Even the lighting and the color temperature of the light is there to tell the story. Her body, which is literally her body of work, is cold and white in the center of this space. And the space is warm and rich, like an amniotic fluid,  So there’s this transition, transfer of energy and attention from performance into the institute.

DK:  I think you managed to capture that brilliantly, there’s a unique atmosphere to the film. Why did you choose to shoot it in 3D and is it the first time you use 3D technology?

Placek: First time, yes. 3D because it is literally a portrait of her body of work and I want the audience or viewer to be present with that body and for the body to be tangible and touchable. As someone who tries to resist technology as much as I can, I love it. And I also hate it because it brings us further apart. But it can also bring us closer together.

In these site-specific public installations, in the way that I show these to the public, the 3D is as essential as the person. I’m trying to give people a new experience of portraiture, a new way of being introduced to someone.

DK:  The musical score is very striking, this is obviously an original score that you commissioned specifically for the film.

Placek: Yes. I wanted to use a piece of music from this brilliant composer William Basinski called The Desintegration Loops. The film’s soundtrack is a piece of music that had […] a historical piece of Balkan music over William Basinski’s score. And that music was used for Robert Wilson’s opera The Life and Death of Marina Abramovic, which I came to Toronto last year to see in order to hear the music, because that was what I initially was going to use. But Marina said “No, that’s for my funeral”. And she said “Why don’t you use this, where I’m singing or speaking”. So I came to see the opera which is fantastic but I didn’t like the piece of music she suggested. It was great but it wasn’t appropriate, it had a negative connotation. My film is about life and death, growth and transformation, and that being a positive thing. And this song had like an ending to it. So I didn’t want that. And I was afraid she might say no because she really wanted that piece of music. And I also didn’t want it to be a trailer for the opera.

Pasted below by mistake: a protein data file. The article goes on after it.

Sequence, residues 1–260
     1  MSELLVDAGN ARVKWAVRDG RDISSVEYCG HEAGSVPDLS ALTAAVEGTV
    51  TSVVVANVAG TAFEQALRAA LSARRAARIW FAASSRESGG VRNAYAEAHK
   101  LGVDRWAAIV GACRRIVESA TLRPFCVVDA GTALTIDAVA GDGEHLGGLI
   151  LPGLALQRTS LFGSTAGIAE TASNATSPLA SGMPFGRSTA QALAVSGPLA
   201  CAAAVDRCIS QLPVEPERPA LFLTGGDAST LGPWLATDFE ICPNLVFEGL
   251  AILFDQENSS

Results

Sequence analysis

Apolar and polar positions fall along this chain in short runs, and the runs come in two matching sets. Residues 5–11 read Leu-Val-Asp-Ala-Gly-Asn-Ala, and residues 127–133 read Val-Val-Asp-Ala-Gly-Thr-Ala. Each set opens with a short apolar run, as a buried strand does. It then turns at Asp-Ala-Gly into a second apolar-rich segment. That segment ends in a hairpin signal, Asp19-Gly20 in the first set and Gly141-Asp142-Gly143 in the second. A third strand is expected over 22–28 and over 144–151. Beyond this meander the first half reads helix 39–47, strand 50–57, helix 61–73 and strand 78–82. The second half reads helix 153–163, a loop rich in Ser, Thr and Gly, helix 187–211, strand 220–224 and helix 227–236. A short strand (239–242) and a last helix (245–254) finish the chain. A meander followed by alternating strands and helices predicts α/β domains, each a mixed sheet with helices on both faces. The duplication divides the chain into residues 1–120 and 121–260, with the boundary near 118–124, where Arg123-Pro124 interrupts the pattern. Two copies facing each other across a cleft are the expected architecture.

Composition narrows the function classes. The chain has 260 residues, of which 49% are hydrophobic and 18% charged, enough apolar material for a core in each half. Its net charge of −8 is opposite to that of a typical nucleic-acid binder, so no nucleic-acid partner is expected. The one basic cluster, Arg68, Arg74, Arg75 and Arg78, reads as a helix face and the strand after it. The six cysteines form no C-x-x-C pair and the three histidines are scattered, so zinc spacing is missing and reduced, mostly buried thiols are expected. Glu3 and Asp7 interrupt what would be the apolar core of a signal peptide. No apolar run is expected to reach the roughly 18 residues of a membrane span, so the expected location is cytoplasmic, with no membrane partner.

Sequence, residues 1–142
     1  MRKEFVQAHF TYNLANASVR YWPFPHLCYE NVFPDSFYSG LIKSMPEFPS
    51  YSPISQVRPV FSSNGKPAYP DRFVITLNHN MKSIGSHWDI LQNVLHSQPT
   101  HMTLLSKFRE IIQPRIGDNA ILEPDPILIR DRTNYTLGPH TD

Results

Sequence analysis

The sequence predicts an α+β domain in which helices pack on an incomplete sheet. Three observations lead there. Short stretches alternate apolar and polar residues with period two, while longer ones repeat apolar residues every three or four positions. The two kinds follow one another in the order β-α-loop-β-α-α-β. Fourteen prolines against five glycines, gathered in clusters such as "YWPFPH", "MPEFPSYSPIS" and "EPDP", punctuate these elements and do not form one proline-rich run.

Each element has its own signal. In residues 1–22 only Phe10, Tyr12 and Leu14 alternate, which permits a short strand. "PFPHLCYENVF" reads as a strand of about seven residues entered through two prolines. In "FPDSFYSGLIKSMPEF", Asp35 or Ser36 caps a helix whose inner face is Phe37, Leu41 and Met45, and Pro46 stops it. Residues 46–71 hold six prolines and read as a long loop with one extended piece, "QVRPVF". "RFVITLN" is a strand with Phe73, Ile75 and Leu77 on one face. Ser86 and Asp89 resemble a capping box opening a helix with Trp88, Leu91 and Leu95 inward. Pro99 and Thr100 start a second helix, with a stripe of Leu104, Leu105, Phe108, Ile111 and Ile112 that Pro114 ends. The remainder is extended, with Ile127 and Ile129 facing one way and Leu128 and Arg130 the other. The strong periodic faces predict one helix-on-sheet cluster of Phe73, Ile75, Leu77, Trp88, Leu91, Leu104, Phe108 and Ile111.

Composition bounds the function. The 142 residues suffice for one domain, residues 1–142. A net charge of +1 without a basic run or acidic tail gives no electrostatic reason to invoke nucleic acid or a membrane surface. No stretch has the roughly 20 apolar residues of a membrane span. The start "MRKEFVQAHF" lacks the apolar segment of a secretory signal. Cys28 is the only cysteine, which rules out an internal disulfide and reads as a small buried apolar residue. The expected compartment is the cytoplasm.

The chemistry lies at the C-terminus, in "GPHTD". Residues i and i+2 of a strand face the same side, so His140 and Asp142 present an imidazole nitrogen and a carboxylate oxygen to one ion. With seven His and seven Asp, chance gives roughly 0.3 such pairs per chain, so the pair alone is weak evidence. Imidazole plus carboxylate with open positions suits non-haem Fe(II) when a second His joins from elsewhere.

So I didn’t use that but in Toronto I met Svetlana Spajić who is the singer and writer of the lyrics and the music. She’s this amazing Serbian woman who is quite close with Marina, a very strong woman who’s a historian of Balkan folk music. So I wrote her this long letter saying “You won’t remember me but I met you in Toronto and I’d be so honored if you worked with me on this to make an original score. I’m hoping there is a Balkan piece of music that you can think of, that speaks of death and rebirth in a positive way”. And she wrote back immediately and we skyped and she agreed to do it. She was so intuitive.

So I asked a good friend Thomas Bartlett, who’s a producer and brilliant musician, if he would produce the music with Svetlana. He agreed so Svetlana came over from Belgrade and they worked in the studio one afternoon with this brilliant violinist, and they made this piece of music. I really wanted a meditative drone for a chant. And they did it and I was really proud of it.